If Navalny deserves support, why not Issa Amro?


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Source: Mondoweiss

The anti-apartheid activist Issa Amro is to be sentenced by an Israeli military court on February 8 for a bunch of trumped-up charges relating to his nonviolent resistance over many years. And as we noted yesterday, politicians from around the globe have questioned the case, and Amnesty International and the UN have called for Israel to drop the charges.

The case has a special resonance because Amro works in a city that epitomizes apartheid, Hebron, and just last month the leading Israeli human rights group B’Tselem said Israel is an apartheid state, maintaining a “regime of Jewish supremacy” from the river to the sea.

But a military court is poised to sentence Amro for nonviolent activities against that regime.

Two British officials have weighed in on his side. Member of Parliament Lou Haigh and a Peer, Tessa Blackstone, have called on the British government to take action in support of Issa Amro.

Jamil Dakwar (of ACLU) and Khaled Elgindy (of Brookings) both ask the obvious question on twitter: Where is the U.S. government on a Palestinian activist at a time when it has highlighted the freedom of other groups to protest (notably the imprisoned opposition leader Alexei Navalny in Russia).

Dakwar:

If @Issaamro was one of the Russian or Chinese human rights defenders being accused of bogus charges and unfairly convicted by a military court, we would have certainly heard his name on the Senate floor or during a White House press briefing.

Elgindy:

Nonviolent activist @Issaamro to be sentenced Feb8 after conviction by Israeli military court that doesn’t meet even min. standards of fairness. Yet bc he’s #Palestinian those who champion causes of other political prisoners elsewhere in ME are now silent.

Secretary of State Tony Blinken last weekend condemned the Chinese crackdown on democracy protesters in Hong Kong and said the U.S. would help those dissidents out.

In a Sunday interview with NBC News, Blinken said that China has acted “egregiously” to curb the freedoms enjoyed for decades in the semi-autonomous region of Hong Kong. Blinken said that the U.S. “should do something” to give “haven” to dissidents and protesters who have faced a growing crackdown from mainland Chinese authorities.

The U.S. has issued a sharp challenge to Russia over the sentencing of democracy advocate Alexei Navalny– 3-1/2 years in a penal colony. On Tuesday Blinken said that even as the U.S. will “work with Russia” on some issues, the U.S. demands Navalny’s release.

We reiterate our call for the Russian government to immediately and unconditionally release Mr. Navalny, as well as the hundreds of other Russian citizens wrongfully detained in recent weeks for exercising their rights, including the rights to freedom of expression and of peaceful assembly.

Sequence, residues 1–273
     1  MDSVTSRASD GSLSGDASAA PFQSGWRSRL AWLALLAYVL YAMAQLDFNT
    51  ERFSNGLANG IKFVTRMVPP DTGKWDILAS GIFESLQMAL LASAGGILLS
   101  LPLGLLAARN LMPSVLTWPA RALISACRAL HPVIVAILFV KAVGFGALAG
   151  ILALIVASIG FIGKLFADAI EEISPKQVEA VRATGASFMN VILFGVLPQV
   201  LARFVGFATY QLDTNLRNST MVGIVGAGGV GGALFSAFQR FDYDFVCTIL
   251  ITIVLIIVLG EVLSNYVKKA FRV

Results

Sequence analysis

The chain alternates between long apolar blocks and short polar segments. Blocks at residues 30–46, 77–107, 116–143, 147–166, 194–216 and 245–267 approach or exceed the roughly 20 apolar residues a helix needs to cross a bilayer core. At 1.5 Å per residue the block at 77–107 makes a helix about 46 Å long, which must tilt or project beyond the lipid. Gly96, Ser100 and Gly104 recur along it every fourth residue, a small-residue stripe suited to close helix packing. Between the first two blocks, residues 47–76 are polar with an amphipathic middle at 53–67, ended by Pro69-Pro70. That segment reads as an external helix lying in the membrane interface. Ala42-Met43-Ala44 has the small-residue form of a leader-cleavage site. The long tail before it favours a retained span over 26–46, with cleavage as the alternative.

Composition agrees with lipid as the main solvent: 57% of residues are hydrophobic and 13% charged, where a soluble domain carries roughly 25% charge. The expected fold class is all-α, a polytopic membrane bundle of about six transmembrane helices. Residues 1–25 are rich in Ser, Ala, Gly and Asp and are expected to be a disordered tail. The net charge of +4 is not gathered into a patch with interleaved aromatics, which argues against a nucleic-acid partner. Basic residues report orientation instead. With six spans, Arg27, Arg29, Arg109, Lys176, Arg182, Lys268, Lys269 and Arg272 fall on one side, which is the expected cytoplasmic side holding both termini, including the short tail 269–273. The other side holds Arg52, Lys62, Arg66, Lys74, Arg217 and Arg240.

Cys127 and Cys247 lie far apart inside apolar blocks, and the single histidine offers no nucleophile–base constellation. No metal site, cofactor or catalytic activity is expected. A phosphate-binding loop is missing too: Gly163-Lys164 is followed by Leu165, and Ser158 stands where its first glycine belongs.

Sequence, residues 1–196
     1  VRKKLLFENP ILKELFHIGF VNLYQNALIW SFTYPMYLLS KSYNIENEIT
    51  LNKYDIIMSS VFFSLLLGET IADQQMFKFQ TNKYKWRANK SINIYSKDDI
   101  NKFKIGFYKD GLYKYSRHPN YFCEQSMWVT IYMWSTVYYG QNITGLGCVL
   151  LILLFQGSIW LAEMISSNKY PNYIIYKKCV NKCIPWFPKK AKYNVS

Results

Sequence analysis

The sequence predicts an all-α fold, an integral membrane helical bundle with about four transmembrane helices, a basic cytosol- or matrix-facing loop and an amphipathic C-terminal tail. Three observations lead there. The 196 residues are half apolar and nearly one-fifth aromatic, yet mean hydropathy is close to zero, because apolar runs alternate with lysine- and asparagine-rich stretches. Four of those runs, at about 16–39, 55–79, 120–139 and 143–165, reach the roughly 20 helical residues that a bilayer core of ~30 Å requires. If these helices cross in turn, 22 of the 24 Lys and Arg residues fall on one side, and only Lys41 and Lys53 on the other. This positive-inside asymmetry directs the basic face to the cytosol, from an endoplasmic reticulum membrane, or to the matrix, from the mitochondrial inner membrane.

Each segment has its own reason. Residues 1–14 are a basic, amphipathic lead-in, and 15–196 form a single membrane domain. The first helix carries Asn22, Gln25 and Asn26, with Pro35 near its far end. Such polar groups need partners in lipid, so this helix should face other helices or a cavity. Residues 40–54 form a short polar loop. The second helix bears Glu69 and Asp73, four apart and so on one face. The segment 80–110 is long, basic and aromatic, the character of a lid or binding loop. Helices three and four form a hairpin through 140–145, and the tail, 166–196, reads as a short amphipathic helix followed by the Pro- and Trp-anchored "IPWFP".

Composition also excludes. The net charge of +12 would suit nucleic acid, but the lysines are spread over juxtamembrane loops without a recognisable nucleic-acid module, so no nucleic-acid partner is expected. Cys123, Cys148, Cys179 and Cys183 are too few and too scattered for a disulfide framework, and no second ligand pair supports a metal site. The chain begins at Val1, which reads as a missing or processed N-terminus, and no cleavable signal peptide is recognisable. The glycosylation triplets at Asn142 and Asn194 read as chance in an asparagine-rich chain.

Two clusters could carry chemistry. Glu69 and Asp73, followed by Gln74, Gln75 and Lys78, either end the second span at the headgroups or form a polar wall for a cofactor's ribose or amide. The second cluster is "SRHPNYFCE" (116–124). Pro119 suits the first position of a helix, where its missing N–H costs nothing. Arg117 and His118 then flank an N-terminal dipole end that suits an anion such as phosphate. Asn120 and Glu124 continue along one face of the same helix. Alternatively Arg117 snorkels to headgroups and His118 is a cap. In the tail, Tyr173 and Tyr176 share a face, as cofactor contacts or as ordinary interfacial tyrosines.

State Department spox Ned Price underlined these demands in a briefing on Wednesday. The U.S. is undertaking a “holistic review” of Russia’s “malign” actions.

But of course we are going to look very carefully at the deteriorating human rights situation in Russia, what has happened with Mr. Navalny specifically, what has happened with the mass detentions of those who have bravely taken to the streets in the aftermath of Mr. Navalny’s arrest….

President Biden has been very clear, Secretary of State Blinken have been very clear: We are not going to countenance the sorts of things that we’ve seen from the Russians in recent years, and that’s exactly what this review is intended to do: to review those and to help inform an appropriate policy response.

But if the U.S. is going to apply such standards to Russia, why isn’t it doing the same with our pet, Israel, which is practicing apartheid against 6 million-plus non-Jewish residents and brutalizing/killing protesters?

Among Israel lobby organizations that have influence on the Biden administration, few have had a word to say about Issa Amro’s case, outside of some liberal Zionists. J Street made a statement yesterday. Rabbi Jill Jacobs of T’ruah wrote today that she had brought rabbis to meet Amro.

He is an extraordinary leader & proponent of non-violent action who is being unfairly punished for his activism.

Jeremy Ben-Ami of J Street agrees:

Those who put their lives on the line – risking imprisonment & worse – for human/civil rights are honored by history, not those who prosecute them.

International solidarity activists and Youth Against Settlements, Amro’s organization, are planning a twitter storm for Sunday, February 7, a day ahead of the military sentencing. Here’s Natalie Strecker announcing the demonstration, on behalf of all Palestinian prisoners:

Israel has for a long time targeted Issa, due to his long history of nonviolently resisting apartheid… This is an attmept by Israel to quash any form of Palestinian resistance to their 73-year history of oppression at the hands of the Israeli state.

Amro faces a “lengthy prison sentence, or if he is lucky, a hefty fine,” Strecker says, and urges others to demand that the charges are dropped, so as to “assure that Israel cannot commit its crimes in silence” but pays some price for violating international law in the West Bank.

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